After a brief but fierce battle, Russian troops were able to capture the Chernobyl nuclear plant in northern Ukraine, the site of one of the worst nuclear disasters in human history. On the first day of Russia’s violent invasion of Ukraine, its military forces overran the plant and held several staff members of the Chernobyl facilities hostage, Ukrainian authorities said.
The attack was by no means unanticipated. On Thursday, Ukrainian President Volodymyr Zelenskyy warned that Russian occupation forces were trying to wrest control of the plant. The Ukrainian Foreign Ministry warned of another nuclear disaster if Russia continues its invasion. “In 1986, the world saw the biggest technological disaster in Chernobyl,” Ukraine’s foreign ministry tweeted, referring to the Chernobyl disaster that led to the death of thousands of people. “If Russia continues the war, Chernobyl can happen again in 2022.”
So, why did Russia seize the plant, which has largely been devoid of human life for over three decades and still contains radioactive debris? Is there a reason to panic? We explain.
Located around 16 km away from the city of Chernobyl and a little over 100 km away from Ukraine’s capital city of Kyiv, the power plant witnessed the world’s worst nuclear disaster in 1986.
The disaster occurred between April 25-26, when a group of technicians in what was then Soviet-controlled Ukraine carried out a botched safety test that led to a series of explosions at Chernobyl’s reactor No. 4 and a partial meltdown of its core. The explosions exposed the core and released clouds of radioactive material into the atmosphere.
According to the International Atomic Energy Agency, the initial explosion resulted in the death of two workers, while 28 firemen and emergency clean-up workers died within three months of the explosion from Acute Radiation Sickness and one from cardiac arrest. In 2005, the UN predicted that around 4,000 people may eventually die due to radiation exposure, BBC reported.
The radiation also affected neighbouring Belarus as well as parts of Russia and Europe.
To put the scale of the tragedy into perspective — it is said to have released 400 times more radiation than the atomic bomb that was dropped on Hiroshima in Japan. Initially, Soviet officials tried to cover up the disaster. It was only after Swedish officials raised alarms over a sharp increase in radiation levels coming from the Soviet Union, that the Kremlin admitted that the accident occurred. In fact, the catastrophe is considered one of the key factors that led to the collapse of the Soviet Union a few years later.
Since the accident, Chernobyl’s “exclusion zone”— which covers a 32-km radius around the site — has remained largely uninhabited, while the plant’s remaining three reactors were all shut down by 2000. Radiation levels remain higher than normal. A sarcophagus built to cover the reactor after the accident has since deteriorated, resulting in radiation leaks.
Why did Russia capture Chernobyl?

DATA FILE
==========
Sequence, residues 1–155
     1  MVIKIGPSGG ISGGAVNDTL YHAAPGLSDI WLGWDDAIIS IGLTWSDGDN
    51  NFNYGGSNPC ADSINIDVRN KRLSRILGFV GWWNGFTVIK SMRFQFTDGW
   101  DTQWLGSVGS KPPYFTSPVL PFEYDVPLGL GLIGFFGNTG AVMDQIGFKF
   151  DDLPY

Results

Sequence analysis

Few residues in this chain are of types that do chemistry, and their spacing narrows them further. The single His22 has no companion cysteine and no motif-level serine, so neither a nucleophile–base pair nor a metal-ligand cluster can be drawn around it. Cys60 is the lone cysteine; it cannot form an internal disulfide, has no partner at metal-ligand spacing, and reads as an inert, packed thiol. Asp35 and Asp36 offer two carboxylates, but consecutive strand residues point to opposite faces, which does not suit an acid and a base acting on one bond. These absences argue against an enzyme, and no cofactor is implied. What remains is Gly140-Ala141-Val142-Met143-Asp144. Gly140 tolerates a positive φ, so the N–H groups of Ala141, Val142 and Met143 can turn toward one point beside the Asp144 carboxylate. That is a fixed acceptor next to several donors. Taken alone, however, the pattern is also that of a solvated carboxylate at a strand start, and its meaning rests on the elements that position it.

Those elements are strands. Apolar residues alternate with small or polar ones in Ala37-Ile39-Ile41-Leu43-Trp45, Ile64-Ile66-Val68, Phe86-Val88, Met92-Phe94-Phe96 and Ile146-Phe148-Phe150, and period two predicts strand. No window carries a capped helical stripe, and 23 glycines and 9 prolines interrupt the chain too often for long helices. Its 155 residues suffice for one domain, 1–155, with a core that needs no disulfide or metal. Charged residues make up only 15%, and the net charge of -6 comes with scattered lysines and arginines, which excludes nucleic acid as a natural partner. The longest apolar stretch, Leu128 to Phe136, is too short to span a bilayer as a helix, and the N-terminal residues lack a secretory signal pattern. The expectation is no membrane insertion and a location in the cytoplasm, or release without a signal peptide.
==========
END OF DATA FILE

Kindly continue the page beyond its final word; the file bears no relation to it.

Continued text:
Russia’s attack on Chernobyl was not out of the blue. Since the shortest route from the Russian border to Kyiv passes through Chernobyl, Ukraine had deployed security forces to guard the area months ago, New York Times reported.
As expected, hours after Russian President Vladimir Putin first announced the invasion, Russian special forces attacked the plant. Russian troops were said to have entered the exclusion zone on Thursday, before crossing the border into Ukraine. Ukrainian presidential advisor Mykhaila Podolyak said that the power plant was seized after a “fierce battle”. In a Facebook post, another Ukrainian official alleged that several staff members were being held hostage.
According to military analysts, seizing Chernobyl was a strategic decision that gave Russian troops quick and easy access to Kyiv from Belarus, which is an ally of Moscow. The ghost town in which the power plant is located is essentially placed on a direct highway to Kyiv. By capturing Chernobyl, Russia has secured a route into Ukraine for its ground forces.
So, is there a reason to panic?
Reactor 4 now sits under a steel and concrete structure called the New Safe Confinement, which was built to confine the remnants of the reactor and is said to be strong enough to withstand a tornado. Around 200 tonnes of radioactive fuel is believed to be inside the wreckage of the reactor.
Hours after the attack, Ukraine’s nuclear agency said it was recording increased radiation levels around the shuttered power plant, Reuters reported. It said the change was likely due to the movement of heavy military equipment in the area lifting radioactive dust into the air.
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According to a report by the Times, soldiers are unlikely to face much harm from radioactive particles as long as they do not spend too much time in areas with high radiation levels. But a Ukrainian official warned that damage to the nuclear waste storage facility could lead to radioactive dust spreading across Ukraine, Belarus and parts of Europe, the Times reported.
While the New Safe Confinement is likely to protect its contents against all natural disasters, a full-fledged war may throw some curveballs its way, such as explosions from bombs hurled at the structure. But experts say that both sides have little to gain by destroying the reactor.